• i.e., must show up in the global routing tables
    • This implies the service providers own the addresses not the customers
  • Renumbering can be expensive
    • Dynamic addressing can help
address scarcity
Address Scarcity
  • The Internet is growing fast
    • There are concerns that 4,294,967,295 addresses are not sufficient
      • Especially given an average utilization < 1%
    • Some people think we have already run out of IPv4 addresses
  • However:
    • Only about half of the address space has been used
    • New technologies (NAT, ALG) reduce the need for addresses
    • As address gets scarcer, organizations will have incentive to use it more efficiently
address registry policies
Address Registry Policies
  • RFC 2050 documented address allocation procedures
    • Documents current practice
      • Took two years to write
      • Makes no claims whether current practice is a good idea or not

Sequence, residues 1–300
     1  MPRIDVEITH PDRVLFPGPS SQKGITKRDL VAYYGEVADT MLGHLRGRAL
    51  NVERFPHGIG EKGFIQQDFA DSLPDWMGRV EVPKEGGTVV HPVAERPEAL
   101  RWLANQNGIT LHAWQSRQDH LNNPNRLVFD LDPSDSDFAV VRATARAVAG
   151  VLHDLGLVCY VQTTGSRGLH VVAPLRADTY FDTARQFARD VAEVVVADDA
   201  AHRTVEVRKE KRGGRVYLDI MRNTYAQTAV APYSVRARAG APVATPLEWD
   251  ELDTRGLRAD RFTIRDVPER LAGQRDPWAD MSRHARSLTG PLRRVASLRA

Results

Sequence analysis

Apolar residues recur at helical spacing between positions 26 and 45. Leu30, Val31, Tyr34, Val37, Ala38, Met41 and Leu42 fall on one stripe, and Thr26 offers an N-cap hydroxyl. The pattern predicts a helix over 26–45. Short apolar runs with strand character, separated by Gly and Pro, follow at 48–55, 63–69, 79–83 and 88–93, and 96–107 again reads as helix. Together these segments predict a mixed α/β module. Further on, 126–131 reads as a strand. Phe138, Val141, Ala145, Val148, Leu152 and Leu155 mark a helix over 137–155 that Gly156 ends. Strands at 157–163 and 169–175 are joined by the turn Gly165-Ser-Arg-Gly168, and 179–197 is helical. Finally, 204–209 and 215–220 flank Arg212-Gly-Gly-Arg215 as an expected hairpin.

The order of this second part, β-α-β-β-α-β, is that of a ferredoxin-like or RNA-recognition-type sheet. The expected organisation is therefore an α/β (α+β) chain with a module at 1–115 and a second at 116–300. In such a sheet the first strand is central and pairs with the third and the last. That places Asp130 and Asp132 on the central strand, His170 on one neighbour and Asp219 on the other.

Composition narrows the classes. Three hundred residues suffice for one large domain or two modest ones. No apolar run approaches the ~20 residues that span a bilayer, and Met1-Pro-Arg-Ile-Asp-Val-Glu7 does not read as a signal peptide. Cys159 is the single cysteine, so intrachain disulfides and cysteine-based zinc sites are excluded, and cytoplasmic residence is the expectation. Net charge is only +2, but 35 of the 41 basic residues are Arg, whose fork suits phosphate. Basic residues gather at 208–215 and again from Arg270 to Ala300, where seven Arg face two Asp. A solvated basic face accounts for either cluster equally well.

• Policies documented by RFC 2050 were defined by the “Internet Community”
    • An uneasy balance between end users and service providers
  • Official authority is the IANA
    • But where does the IANA get its authority?
static vs dynamic addressing
Dynamic addressing

When dialing up to the Internet, addresses assigned when the modem connects

LANs can be configured so that machines get Internet addresses when they boot

Efficient use of address space

Only those machines on the net have addresses

Can be inconvenient

Static Addressing

Addresses are assigned to the user or the machine, regardless of whether it is connected

Can be convenient as Internet connectivity OK over physical disconnect/reconnect

Can be less efficient in use of address space

Particularly if users have multiple dialup accounts

Static vs. Dynamic Addressing
private vs global addressing
Private addressing

Use of networks that cannot be routed on the Internet with address translation techniques to provide Internet connectivity

Very efficient

Only one Internet address necessary for an entire site


Thought to break fundamental TCP/IP assumptions

Adds another point of failure

Global Addressing

Using normal Internet addresses

Can be particularly wasteful for sites which do not connect to the Internet or do so through firewalls

Don’t really need global addresses for this